AVBs prevent dirty water from flowing into clean potable water
Safran has over 60 successful years of aircraft toilet development and manufacturing. There have been a myriad of challenges in the aircraft toilet world during that time. It all started with production of the recirculating toilet, which uses the “blue juice” or blue chemical in the toilet to help control odor and toilet bowl rinse. The recirculating toilets went into service in the late 1950s. There are many stories about the blue chemical and reports of “blue ice.” To correct this issue, a vacuum breaker on the rinse line from the service panel is installed (which is on the skin of the aircraft) to rinse the system inside the toilet tank. The reduced pressure outside the cabin during flight would pull moisture out of the toilet tank and the moisture would freeze on the service panel surface if the lavatory service technician did not install the rinse cap after servicing. This would cause the “blue ice” to form on the aircraft skin that would occasionally fall off during flight — sometimes with disastrous results.
In the late 1970s, Safran was one of the first to develop a vacuum toilet with improvements in odor control, corrosion control, single point of servicing, interior cabin flexibility, and hygienic clear rinse water, rather than the blue liquid from the recirculating toilets. However, the potable water connection needed to prevent dirty toilet water from flowing back into the clean potable water. This product innovation is the atmospheric vacuum breaker, or AVB. Safran used ASSE 1001, Performance Requirements for Atmospheric Type Vacuum Breakers, specifications along with Publication 308, Standards of Sanitation for the Construction and Operation of Commercial Passenger Aircraft and Servicing and Catering Facilities, to develop Safran’s own AVB. (Publication 308 is the Handbook on Sanitation of Airlines published by the U.S. Department of Health, Education and Welfare Public Health Services.) The requirements for backflow prevention were nearly the same as with land-based toilets, except for the operating pressures, which were lower than land-based toilets. In addition, the toilet could be at almost any angle the aircraft could maneuver during flight.
Along with tests of the ASSE 1001 specifications at a level orientation, Safran also performed a tilt back test. During the test, the toilet bowl is filled with water and food coloring and then tilts in the worst possible angle and direction to induce backflow into the potable water system. In early tests, the toilet and a technician were in the back of a pick-up truck that drove in circles to simulate aircraft environment gravitational forces. The test is a success when the backflow volume of dyed water does not rise more than half of the critical height of the atmospheric vacuum breaker. The critical height is the distance from the spill line of the toilet bowl to the highest point in the atmospheric vacuum breaker, per the ASSE 1001 specification.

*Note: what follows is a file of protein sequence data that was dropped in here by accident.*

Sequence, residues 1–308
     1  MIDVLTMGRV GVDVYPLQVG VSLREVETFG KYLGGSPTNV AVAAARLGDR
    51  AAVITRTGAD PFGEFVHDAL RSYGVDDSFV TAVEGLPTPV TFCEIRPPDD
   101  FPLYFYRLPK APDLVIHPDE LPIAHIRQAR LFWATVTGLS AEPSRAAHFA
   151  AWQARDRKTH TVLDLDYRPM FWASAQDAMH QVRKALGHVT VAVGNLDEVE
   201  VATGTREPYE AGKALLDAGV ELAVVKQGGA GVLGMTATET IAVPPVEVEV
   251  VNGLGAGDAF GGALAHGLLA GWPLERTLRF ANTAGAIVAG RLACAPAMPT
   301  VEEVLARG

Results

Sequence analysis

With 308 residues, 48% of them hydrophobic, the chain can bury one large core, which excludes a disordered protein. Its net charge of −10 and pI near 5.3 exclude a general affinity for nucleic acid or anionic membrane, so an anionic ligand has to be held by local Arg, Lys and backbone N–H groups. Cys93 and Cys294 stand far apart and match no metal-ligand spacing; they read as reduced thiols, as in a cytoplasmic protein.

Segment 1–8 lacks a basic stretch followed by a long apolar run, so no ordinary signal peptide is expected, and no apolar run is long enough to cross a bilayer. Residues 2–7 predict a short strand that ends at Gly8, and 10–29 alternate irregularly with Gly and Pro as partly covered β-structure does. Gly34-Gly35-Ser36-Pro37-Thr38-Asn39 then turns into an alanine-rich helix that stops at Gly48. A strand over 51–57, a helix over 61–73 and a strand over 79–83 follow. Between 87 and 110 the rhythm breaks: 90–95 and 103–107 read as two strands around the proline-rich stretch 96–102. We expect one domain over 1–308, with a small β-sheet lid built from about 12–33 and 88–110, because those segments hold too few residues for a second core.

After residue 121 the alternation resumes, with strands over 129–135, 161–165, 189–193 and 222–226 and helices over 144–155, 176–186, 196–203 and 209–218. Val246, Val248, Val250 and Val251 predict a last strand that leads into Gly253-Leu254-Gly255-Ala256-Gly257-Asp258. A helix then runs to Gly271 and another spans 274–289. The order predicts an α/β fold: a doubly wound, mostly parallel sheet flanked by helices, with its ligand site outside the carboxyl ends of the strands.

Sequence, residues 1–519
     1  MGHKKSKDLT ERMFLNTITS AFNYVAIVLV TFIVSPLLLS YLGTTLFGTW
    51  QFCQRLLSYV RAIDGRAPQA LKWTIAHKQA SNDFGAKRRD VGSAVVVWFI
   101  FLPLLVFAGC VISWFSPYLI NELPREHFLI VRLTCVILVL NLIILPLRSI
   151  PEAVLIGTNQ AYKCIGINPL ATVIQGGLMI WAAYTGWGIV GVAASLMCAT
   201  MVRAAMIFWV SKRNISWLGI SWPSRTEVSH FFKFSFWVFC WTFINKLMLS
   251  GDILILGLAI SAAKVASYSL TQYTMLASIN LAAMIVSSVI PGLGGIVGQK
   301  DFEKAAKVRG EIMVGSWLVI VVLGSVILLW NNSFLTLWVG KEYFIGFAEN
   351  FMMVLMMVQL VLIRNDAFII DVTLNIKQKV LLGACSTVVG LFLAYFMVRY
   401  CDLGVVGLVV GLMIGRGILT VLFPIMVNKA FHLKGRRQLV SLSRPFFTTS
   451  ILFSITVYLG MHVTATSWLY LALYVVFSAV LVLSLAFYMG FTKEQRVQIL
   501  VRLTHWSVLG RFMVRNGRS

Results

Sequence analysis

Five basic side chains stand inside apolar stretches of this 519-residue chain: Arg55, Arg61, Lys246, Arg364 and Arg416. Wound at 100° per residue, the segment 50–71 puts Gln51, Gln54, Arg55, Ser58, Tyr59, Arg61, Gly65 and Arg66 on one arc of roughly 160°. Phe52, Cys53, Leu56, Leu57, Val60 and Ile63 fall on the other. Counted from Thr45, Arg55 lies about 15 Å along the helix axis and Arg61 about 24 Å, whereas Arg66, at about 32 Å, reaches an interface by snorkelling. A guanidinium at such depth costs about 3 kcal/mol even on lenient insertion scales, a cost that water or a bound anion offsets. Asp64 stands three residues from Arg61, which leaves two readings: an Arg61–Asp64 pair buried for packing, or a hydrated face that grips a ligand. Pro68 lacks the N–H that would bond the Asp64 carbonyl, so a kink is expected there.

Safran later created a Galley Waste Disposal Unit (GWDU), which is a device located on the galley’s work surface and allows flight attendants to dispose food waste into the aircraft’s waste tank. The GWDU operates similarly to a toilet. The GWDU innovation arose when the airlines provided feedback that they needed a system to easily dispose liquids on the aircraft. The crew were using sink drains to discard unused coffee, tea, and other liquids through the drain masts. This created drain mast clogs and stains on the skin of the aircraft. The GWDU also uses an AVB to rinse the basin and aid in liquid and food waste movement into the vacuum waste system (i.e. the waste tank).
The requirements for the design of the atmospheric vacuum breaker ensure the proper separation of potable water from grey water on the aircraft. This keeps passenger and crew safe since the potable water is used to make tea and coffee, make steam in ovens for warming meals, for lavatory and galley hand washing, and for any other device using potable water on the aircraft.
Over the years of toilet development, Safran has made many evolutions and improvements to the atmospheric vacuum breaker, including the introduction of AVBs for bidets, decorative toilet shrouds to hide the atmospheric vacuum breaker, and improvements to materials and manufacturing methods, such as introducing lightweight composite parts with various heights and integrated design solutions. The atmospheric vacuum breaker design and integration continues to evolve to meet customer needs. ASSE 1001 and the latest specifications within ASSE 1098-2021, Performance Requirements for Atmospheric Vacuum Breakers for Vacuum Toilet Assemblies and Galley Waste Disposal Units on Commercial Aircraft, provide the guidelines for the construction and validation of the designs to ensure the sanitation of the potable water on aircraft. Safran is proud to be one of the industry leaders who helped to define and implement this specification.
Article by Safran Cabin first appeared in Working Pressure magazine